If you are already used to exercising, switching to three or four times a week to fit your schedule may be preferable, but it is a lot harder to maintain a workout program you don’t do every day.

Be careful to not repeat the same exercise routine each day. If you do an intense ab workout one day, try switching it up to general cardio the next. You can also squeeze in a day of light walking to break up the intensity.

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If you’re a morning person, check out these morning exercises that will start your day off right.

2. Duration Doesn’t Substitute for Intensity

Once you get into the habit of regular exercise, where do you go if you still aren’t reaching your goals? Most people will solve the problem by exercising for longer periods of time, turning forty-minute workouts into two hour stretches. Not only does this drain your time, but it doesn’t work particularly well.

One study shows that “exercising for a whole hour instead of a half does not provide any additional loss in either body weight or fat”[1].

This is great news for both your schedule and your levels of motivation. You’ll likely find it much easier to exercise for 30 minutes a day instead of an hour. In those 30 minutes, do your best to up the intensity to your appropriate edge to get the most out of the time.

3. Acknowledge Your Limits

Many people get frustrated when they plateau in their weight loss or muscle gaining goals as they’re learning how to get in shape. Everyone has an equilibrium and genetic set point where their body wants to remain. This doesn’t mean that you can’t achieve your fitness goals, but don’t be too hard on yourself if you are struggling to lose weight or put on muscle.

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Acknowledging a set point doesn’t mean giving up, but it does mean realizing the obstacles you face.

Expect to hit a plateau in your own fitness results[2]. When you expect a plateau, you can manage around it so you can continue your progress at a more realistic rate. When expectations meet reality, you can avoid dietary crashes.

4. Eat Healthy, Not Just Food That Looks Healthy

Know what you eat. Don’t fuss over minutia like whether you’re getting enough Omega 3’s or tryptophan, but be aware of the big things. Look at the foods you eat regularly and figure out whether they are healthy or not. Don’t get fooled by the deceptively healthy snacks just pretending to be good for you.

The basic nutritional advice includes:

  • Eat unprocessed foods
  • Eat more veggies
  • Use meat as a side dish, not a main course
  • Eat whole grains, not refined grains[3]

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Eat whole grains when you want to learn how to get in shape.

    5. Watch Out for Travel

    Don’t let a four-day holiday interfere with your attempts when you’re learning how to get in shape. I don’t mean that you need to follow your diet and exercise plan without any excursion, but when you are in the first few weeks, still forming habits, be careful that a week long break doesn’t terminate your progress.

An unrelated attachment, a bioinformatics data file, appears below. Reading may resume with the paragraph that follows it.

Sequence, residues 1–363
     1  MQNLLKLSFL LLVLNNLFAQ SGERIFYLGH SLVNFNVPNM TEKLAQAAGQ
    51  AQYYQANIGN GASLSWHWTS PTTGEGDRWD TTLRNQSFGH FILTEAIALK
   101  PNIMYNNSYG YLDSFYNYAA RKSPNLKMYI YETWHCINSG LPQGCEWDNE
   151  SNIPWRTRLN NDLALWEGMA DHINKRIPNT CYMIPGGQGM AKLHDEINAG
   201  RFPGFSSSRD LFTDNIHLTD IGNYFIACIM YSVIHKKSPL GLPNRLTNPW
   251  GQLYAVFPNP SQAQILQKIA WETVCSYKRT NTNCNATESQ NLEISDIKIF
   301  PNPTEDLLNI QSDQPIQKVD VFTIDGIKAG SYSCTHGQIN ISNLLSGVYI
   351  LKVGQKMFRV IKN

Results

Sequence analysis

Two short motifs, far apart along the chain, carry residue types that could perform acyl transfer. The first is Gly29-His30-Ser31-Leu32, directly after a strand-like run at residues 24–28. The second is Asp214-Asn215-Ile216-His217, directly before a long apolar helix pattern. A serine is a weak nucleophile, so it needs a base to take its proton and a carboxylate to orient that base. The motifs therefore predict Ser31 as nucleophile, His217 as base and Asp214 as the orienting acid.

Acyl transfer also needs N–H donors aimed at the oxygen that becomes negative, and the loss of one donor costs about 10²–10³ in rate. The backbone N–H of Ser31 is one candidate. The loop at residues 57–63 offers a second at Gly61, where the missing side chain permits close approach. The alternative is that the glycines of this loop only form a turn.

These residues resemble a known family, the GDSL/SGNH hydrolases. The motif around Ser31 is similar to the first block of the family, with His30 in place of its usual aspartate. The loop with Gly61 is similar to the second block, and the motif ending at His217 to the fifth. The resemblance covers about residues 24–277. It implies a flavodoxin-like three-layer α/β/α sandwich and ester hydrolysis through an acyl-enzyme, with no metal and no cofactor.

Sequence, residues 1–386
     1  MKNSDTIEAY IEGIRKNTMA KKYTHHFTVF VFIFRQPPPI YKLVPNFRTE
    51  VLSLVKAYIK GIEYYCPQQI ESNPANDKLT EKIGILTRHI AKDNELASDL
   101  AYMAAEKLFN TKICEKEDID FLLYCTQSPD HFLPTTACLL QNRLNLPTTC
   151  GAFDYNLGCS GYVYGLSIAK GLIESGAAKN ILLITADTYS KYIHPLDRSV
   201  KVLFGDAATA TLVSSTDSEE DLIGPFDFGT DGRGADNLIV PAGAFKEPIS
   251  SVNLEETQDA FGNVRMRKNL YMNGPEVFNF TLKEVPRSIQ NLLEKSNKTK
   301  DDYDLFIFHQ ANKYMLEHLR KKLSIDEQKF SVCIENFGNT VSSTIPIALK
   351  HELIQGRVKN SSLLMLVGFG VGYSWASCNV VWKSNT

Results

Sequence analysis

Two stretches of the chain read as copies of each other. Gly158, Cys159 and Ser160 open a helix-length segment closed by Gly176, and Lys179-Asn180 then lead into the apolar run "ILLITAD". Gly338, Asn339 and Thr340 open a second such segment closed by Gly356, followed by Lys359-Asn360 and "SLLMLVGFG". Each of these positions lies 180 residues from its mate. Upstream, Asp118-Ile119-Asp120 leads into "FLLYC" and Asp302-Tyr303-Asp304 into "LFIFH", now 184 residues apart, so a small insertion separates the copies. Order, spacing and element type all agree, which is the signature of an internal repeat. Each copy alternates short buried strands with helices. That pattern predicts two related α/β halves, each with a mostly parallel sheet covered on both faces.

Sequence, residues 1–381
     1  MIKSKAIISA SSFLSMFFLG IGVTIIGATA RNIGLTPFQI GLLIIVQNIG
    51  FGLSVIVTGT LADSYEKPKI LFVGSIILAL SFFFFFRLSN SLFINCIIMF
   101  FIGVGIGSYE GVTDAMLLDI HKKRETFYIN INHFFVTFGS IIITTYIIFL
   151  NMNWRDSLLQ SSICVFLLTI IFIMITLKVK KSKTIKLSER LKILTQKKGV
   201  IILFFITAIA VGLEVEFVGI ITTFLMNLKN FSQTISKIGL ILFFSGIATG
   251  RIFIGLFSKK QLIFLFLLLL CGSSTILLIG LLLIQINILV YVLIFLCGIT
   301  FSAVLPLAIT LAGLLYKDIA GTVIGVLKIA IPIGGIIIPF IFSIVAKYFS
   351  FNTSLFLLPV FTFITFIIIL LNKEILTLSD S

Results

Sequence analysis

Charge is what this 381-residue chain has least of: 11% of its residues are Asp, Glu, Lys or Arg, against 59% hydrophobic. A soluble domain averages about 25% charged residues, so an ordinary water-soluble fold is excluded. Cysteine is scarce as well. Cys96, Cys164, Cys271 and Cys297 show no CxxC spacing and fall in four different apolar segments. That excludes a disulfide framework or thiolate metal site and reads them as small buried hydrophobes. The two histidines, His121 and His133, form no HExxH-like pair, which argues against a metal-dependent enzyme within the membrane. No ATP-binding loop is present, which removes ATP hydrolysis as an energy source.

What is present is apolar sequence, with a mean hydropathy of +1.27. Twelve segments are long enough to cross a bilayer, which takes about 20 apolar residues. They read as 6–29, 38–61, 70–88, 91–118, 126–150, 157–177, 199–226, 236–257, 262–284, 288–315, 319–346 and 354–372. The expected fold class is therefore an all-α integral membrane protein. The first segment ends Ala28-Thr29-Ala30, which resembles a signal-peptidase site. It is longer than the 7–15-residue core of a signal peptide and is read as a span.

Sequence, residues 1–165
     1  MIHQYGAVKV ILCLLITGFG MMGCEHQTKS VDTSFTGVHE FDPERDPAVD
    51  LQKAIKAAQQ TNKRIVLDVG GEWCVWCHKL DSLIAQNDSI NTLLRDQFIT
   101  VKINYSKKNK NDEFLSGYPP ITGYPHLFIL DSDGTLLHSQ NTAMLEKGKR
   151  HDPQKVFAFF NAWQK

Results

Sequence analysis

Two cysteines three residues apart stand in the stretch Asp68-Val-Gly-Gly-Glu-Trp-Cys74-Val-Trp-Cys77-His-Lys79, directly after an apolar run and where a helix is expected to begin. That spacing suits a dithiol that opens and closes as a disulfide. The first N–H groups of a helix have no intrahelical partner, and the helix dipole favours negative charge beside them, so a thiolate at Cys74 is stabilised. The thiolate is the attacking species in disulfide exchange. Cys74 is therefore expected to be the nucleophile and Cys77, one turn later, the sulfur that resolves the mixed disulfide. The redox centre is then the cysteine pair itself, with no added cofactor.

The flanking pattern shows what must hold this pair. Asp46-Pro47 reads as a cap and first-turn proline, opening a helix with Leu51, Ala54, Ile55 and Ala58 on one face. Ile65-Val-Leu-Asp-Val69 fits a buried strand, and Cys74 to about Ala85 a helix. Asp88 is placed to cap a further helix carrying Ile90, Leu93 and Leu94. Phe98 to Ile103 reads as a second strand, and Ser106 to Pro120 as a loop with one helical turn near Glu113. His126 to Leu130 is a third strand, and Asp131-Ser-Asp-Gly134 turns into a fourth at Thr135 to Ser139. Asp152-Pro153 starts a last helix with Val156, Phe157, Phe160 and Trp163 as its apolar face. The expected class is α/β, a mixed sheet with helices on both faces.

This is also true of schedule changes that leave you suddenly busy or make it difficult to exercise. Have a backup plan so you can be consistent, at least for the first month when you are forming habits.

    If travel is on your schedule and can’t be avoided, make an exercise plan before you go[4], and make sure to pack exercise clothes and an exercise mat as motivation to keep you on track.

    6. Start Slow

    Ever start an exercise plan by running ten miles and then puking your guts out? Maybe you aren’t that extreme, but burnout is common early on when learning how to get in shape. You have a lifetime to be healthy, so don’t try to go from couch potato to athletic superstar in a week.

    If you are starting a running regime, for example, run less than you can to start. Starting strength training? Work with less weight than you could theoretically lift. Increasing intensity and pushing yourself can come later when your body becomes comfortable with regular exercise.

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    7. Be Careful When Choosing a Workout Partner

    Should you have a workout partner? That depends. Workout partners can help you stay motivated and make exercising more fun. But they can also stop you from reaching your goals.

    My suggestion would be to have a workout partner, but when you start to plateau (either in physical ability, weight loss/gain, or overall health) and you haven’t reached your goals, consider mixing things up a bit.

    If you plateau, you may need to make changes to continue improving. In this case it’s important to talk to your workout partner about the changes you want to make, and if they don’t seem motivated to continue, offer a thirty day break where you both try different activities.

    I notice that guys working out together tend to match strength after a brief adjustment phase. Even if both are trying to improve, something seems to stall improvement once they reach a certain point. I found that I was able to lift as much as 30-50% more after taking a short break from my regular workout partner.

    Final Thoughts

    Learning how to get in shape in as little as two weeks sounds daunting, but if you’re motivated and have the time and energy to devote to it, it’s certainly possible.

    Find an exercise routine that works for you, eat healthy, drink lots of water, and watch as the transformation begins.

    More Tips on Getting in Shape

    Featured photo credit: Alexander Redl via unsplash.com

    Reference